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The toxicity and molecular effects of mechanically- and chemically-dispersed diluted bitumen (dilbit) to Eastern Canadian fish species


The development of pipeline projects across Canada is expected to expand shipments of diluted bitumen (dilbit) through vital freshwater and marine watersheds containing economically-important fish species. Futhermore, the expanding deep-water oil exploration and development off Canada’s east coast, and the potential sub-surface application of dispersants in the event of a blow-out, raise important questions about risks to commercially-important offshore species. Fish embryos are sensitive bioindicators of the potential effects of oil spills on fishery resources due to their heightened susceptibility during early development and their inability to avoid environmental contaminants.

This research will assess the characterization of dilbit toxicity to several Eastern Canadian fish species of ecological, economic, and cultural relevance from both marine and freshwater ecosystems (e.g., mummichog (Fundulus heteroclitus), Atlantic herring (Clupea harengus), Atlantic cod (Gadus morhua), and/or yellow perch (Perca flavescans). The research will investigate the potential impacts of chemical dispersants on the swim bladder of larval fish; assess the status of cellular stress in fish exposed to dilbit; and, develop other relevant and sensitive biomarkers of exposure of dilbit on selected fish species.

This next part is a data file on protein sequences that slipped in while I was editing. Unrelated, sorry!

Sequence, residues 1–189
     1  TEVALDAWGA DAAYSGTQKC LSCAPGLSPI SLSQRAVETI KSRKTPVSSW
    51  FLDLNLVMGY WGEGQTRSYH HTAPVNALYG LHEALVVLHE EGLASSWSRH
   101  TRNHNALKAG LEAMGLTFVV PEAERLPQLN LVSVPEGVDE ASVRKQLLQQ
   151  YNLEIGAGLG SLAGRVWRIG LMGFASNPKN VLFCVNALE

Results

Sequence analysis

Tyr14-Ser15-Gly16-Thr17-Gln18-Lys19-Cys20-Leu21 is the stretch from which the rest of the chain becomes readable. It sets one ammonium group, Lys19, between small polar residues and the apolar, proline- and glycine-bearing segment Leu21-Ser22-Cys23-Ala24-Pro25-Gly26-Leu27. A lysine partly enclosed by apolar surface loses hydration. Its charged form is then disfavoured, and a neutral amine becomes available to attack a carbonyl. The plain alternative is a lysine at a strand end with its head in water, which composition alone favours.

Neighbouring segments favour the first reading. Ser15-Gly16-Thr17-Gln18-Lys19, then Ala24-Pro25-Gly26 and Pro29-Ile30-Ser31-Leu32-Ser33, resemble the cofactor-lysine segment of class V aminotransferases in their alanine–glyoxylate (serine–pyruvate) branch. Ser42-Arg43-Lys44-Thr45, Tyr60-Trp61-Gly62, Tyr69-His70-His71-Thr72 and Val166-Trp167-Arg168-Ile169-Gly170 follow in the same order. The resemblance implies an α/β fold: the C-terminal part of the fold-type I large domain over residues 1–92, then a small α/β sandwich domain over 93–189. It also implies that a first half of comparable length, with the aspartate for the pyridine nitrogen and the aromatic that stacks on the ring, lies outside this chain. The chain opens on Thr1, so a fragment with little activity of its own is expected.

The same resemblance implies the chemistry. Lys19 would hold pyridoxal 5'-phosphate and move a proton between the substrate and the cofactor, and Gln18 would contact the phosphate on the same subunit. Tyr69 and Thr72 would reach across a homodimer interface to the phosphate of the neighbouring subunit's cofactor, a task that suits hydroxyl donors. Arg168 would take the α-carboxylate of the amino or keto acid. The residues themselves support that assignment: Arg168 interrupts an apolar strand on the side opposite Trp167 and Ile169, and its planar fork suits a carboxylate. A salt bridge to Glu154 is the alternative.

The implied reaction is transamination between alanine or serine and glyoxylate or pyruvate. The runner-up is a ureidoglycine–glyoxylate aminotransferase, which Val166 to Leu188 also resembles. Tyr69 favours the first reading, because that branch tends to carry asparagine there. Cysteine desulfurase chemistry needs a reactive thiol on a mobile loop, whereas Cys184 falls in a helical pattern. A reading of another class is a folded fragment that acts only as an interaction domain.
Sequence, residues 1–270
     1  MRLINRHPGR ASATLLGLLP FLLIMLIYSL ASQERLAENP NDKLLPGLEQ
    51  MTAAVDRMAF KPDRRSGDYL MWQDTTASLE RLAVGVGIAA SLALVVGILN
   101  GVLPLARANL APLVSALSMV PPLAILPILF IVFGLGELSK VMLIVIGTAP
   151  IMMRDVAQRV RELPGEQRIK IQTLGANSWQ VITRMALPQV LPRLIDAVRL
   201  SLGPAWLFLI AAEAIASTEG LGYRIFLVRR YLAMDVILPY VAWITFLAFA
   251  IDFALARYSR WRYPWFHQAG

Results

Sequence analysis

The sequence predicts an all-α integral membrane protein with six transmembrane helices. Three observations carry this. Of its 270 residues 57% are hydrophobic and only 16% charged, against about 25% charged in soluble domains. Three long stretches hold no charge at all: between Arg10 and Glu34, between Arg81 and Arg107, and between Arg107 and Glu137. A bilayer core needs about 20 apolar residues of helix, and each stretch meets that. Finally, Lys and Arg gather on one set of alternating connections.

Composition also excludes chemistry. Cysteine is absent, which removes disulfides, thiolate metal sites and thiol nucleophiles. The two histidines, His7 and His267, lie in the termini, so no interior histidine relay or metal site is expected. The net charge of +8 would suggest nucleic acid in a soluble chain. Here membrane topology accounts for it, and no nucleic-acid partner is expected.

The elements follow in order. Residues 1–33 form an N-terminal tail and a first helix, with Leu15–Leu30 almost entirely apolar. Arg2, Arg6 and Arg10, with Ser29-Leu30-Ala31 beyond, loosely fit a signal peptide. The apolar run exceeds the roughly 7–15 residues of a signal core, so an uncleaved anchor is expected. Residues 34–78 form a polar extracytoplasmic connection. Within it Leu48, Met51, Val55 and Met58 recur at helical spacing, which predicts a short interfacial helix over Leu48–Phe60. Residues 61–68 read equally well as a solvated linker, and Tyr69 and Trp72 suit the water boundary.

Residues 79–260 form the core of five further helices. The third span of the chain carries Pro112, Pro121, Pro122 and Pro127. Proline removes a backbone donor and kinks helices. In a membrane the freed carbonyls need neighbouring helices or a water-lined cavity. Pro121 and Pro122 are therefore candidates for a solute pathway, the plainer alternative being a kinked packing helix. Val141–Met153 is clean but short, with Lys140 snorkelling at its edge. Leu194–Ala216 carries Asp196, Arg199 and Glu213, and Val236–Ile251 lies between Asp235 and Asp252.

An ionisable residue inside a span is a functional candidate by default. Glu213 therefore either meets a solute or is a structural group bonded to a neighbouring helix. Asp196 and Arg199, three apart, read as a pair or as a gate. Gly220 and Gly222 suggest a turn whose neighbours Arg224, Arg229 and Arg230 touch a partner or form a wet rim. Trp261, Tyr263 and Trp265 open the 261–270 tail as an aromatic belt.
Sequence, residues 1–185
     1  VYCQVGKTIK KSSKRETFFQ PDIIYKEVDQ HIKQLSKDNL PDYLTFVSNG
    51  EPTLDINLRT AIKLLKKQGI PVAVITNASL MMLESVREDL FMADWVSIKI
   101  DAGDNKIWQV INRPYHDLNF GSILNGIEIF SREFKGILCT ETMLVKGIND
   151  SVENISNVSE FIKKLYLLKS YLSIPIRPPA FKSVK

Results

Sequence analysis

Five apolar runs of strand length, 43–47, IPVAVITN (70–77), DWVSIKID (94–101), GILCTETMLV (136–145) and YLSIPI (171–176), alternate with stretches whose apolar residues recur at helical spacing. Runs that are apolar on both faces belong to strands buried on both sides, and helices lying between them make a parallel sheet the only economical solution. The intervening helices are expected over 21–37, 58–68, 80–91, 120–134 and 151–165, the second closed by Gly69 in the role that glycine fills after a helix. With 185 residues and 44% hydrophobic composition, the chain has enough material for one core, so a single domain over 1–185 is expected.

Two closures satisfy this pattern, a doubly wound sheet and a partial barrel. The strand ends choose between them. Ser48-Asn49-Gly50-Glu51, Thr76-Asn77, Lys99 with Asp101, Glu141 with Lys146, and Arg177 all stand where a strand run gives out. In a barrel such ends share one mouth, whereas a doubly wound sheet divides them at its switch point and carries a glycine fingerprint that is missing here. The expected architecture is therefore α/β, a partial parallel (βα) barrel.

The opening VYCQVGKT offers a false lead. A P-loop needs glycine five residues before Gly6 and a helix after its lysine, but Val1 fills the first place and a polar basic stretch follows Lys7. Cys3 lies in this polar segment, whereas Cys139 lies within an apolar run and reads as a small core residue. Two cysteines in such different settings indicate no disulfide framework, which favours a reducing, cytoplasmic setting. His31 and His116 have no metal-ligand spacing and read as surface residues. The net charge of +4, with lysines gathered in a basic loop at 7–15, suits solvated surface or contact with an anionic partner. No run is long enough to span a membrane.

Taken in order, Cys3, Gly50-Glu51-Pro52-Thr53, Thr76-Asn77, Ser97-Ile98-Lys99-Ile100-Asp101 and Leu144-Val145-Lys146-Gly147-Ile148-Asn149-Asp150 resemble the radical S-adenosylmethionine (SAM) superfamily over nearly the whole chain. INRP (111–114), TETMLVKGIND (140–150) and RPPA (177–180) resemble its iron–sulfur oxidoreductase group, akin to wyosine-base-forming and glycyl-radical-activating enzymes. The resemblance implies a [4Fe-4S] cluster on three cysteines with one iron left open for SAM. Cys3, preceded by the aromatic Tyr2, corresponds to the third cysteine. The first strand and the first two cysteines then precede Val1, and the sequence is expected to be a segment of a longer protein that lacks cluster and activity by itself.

This research will inform Fisheries and Oceans Canada of the potential toxicity effects of dilbit and will develop relevant biomarkers of exposure and effects of chemical dispersants, as well as chemically and physically-dispersed petroleum products to Eastern Canadian fish.

Program Name

National Contaminants Advisory Group (NCAG)


2015 - 2017


Atlantic: Gulf of St. Lawrence, St. Lawrence Estuary

Principal Investigator(s)

Valérie Langlois
School of Environmental Studies, Queen’s University (Ontario)

Peter Hodson
School of Environmental Studies, Queen’s University (Ontario)

Team Member(s)

Dr. Barry Madison, (Postdoctoral Fellow), Queen’s University (Ontario)

Sarah Wallace, (Lab Manager), Queen’s University (Ontario)

Christina Emerton, (Research Assistant), Queen’s University (Ontario)

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